Have you been wondering whether the Consumer Financial Protection Bureau (“CFPB”) is focusing its enforcement efforts on the Real Estate Settlement Procedures Act (“RESPA” or “Act”)? After the public announcement of two RESPA-related consent orders, the answer is yes. And, given the alleged facts of the most-recent settlement, that focus is on a familiar topic – affiliated business arrangements.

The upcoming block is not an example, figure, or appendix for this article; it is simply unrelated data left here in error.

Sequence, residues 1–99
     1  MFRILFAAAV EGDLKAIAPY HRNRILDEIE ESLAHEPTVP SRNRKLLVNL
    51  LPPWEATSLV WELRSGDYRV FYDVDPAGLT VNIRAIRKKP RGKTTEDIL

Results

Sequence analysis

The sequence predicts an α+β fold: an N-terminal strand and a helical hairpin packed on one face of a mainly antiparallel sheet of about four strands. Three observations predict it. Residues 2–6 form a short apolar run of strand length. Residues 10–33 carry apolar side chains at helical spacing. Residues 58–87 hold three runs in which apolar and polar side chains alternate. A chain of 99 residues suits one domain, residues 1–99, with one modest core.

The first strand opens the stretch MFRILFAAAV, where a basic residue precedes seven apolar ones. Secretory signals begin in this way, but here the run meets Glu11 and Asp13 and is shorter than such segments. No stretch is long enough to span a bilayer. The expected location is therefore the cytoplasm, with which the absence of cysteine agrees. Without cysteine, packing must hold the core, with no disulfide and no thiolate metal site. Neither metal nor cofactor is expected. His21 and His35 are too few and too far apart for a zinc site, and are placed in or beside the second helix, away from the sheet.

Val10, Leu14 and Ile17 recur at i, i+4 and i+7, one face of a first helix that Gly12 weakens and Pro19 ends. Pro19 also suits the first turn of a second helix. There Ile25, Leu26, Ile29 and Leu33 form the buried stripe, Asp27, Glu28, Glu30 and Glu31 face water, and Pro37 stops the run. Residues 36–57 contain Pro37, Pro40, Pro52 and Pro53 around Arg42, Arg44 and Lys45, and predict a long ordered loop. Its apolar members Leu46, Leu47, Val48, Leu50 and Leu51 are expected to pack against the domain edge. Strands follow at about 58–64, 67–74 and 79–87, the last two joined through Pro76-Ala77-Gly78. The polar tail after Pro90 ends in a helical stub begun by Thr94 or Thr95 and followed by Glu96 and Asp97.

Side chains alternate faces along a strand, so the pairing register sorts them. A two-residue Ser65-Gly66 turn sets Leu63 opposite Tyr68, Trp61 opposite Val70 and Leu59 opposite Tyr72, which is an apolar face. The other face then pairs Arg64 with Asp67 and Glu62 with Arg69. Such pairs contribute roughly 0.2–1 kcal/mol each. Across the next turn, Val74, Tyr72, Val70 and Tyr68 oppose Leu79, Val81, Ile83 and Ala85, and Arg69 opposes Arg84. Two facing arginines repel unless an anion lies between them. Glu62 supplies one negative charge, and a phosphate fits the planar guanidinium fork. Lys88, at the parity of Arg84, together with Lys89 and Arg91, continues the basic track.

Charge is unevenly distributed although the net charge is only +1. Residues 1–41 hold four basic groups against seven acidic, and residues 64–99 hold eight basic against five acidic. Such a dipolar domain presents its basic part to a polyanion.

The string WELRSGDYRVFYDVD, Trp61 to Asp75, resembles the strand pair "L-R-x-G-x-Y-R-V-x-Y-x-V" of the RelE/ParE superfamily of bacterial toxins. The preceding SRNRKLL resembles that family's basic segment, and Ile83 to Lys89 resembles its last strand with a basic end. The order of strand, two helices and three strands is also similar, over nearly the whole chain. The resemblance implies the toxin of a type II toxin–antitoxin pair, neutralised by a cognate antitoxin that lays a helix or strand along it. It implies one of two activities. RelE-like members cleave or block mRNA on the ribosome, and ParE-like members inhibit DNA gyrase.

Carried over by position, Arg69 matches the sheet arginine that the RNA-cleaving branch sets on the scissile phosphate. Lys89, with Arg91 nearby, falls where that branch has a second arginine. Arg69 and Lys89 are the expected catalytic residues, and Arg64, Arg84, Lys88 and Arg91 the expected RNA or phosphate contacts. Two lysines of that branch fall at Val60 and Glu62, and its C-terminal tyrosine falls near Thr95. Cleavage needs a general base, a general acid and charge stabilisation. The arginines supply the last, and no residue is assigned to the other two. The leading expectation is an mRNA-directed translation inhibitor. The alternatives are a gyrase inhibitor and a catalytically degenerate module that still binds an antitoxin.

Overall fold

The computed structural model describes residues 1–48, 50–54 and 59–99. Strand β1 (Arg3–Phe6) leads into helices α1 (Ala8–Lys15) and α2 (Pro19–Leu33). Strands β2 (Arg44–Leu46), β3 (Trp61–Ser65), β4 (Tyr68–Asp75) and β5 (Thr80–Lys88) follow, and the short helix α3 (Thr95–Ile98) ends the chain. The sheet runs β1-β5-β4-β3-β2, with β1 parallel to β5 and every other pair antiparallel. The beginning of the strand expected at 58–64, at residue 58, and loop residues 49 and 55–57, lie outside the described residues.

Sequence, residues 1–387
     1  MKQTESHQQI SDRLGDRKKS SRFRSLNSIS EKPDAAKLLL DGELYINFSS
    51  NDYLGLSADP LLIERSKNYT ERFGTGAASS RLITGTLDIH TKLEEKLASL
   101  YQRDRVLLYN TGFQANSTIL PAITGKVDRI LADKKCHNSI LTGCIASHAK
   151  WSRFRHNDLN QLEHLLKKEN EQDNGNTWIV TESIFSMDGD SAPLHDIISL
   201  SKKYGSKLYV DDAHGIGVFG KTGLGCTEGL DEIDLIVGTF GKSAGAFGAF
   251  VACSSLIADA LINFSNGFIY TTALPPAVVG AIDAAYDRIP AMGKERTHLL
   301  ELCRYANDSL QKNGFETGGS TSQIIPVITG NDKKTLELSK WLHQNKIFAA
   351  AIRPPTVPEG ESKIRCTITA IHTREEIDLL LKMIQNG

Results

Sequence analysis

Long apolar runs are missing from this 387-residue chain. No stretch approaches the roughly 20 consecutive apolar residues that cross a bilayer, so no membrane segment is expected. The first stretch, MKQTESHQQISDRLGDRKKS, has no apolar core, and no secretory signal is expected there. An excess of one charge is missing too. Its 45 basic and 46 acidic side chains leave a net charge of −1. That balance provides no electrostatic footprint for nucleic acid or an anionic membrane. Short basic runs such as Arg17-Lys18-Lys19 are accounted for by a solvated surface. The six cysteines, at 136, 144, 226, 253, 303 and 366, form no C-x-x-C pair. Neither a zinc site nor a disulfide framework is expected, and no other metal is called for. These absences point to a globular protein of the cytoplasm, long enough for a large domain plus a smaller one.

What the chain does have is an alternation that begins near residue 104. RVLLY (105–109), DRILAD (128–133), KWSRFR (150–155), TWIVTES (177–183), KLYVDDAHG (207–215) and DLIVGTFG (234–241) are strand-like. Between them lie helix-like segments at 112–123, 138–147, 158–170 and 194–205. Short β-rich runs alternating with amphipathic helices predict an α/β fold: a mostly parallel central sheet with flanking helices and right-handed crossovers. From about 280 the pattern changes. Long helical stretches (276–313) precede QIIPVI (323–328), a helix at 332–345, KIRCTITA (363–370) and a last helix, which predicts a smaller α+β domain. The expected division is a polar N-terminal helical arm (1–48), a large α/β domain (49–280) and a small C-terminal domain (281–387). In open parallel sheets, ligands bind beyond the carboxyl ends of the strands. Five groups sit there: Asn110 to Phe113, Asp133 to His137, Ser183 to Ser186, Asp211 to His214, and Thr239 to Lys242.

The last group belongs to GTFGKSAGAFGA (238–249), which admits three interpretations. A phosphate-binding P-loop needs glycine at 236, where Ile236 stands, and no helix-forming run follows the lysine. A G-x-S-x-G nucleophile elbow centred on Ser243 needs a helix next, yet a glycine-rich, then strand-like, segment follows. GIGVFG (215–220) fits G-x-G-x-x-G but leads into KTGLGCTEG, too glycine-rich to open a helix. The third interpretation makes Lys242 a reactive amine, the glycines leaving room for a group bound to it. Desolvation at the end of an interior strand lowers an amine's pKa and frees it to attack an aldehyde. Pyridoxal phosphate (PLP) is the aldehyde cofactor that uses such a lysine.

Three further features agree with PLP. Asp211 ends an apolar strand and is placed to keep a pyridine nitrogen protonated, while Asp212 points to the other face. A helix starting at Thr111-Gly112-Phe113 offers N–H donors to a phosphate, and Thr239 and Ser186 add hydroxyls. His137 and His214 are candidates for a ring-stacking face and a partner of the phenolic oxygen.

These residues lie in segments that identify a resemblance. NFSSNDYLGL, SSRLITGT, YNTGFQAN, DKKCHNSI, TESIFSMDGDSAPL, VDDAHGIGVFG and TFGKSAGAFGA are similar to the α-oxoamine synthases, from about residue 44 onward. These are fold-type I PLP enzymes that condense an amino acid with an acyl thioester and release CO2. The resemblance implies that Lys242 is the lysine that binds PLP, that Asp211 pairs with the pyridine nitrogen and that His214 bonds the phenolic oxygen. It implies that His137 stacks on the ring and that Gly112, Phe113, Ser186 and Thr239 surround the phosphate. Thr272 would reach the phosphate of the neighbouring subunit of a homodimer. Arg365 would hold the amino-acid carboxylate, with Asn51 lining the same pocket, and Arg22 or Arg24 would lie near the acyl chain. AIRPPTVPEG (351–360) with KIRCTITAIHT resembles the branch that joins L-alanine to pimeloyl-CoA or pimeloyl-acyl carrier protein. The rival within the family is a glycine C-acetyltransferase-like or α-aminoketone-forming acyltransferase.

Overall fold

After amendments to RESPA in 1983, affiliated business arrangements became legal under RESPA. That meant that affiliated business arrangements structured in accordance with Section 8 of RESPA could make dividend or profit distributions to their owners that referred settlement service business without violating the Act. The U.S. Department of Housing and Urban Development (“HUD”), which was responsible for RESPA until July 2011, later issued a Statement of Policy to require affiliated business arrangements to be bona fide providers of settlement services and to protect against “sham” affiliated business arrangements designed to circumvent RESPA’s anti-kickback provisions. Given HUD’s concern over the creation of “sham” affiliated businesses under RESPA, affiliated business arrangements soon became a popular target for enforcement actions.
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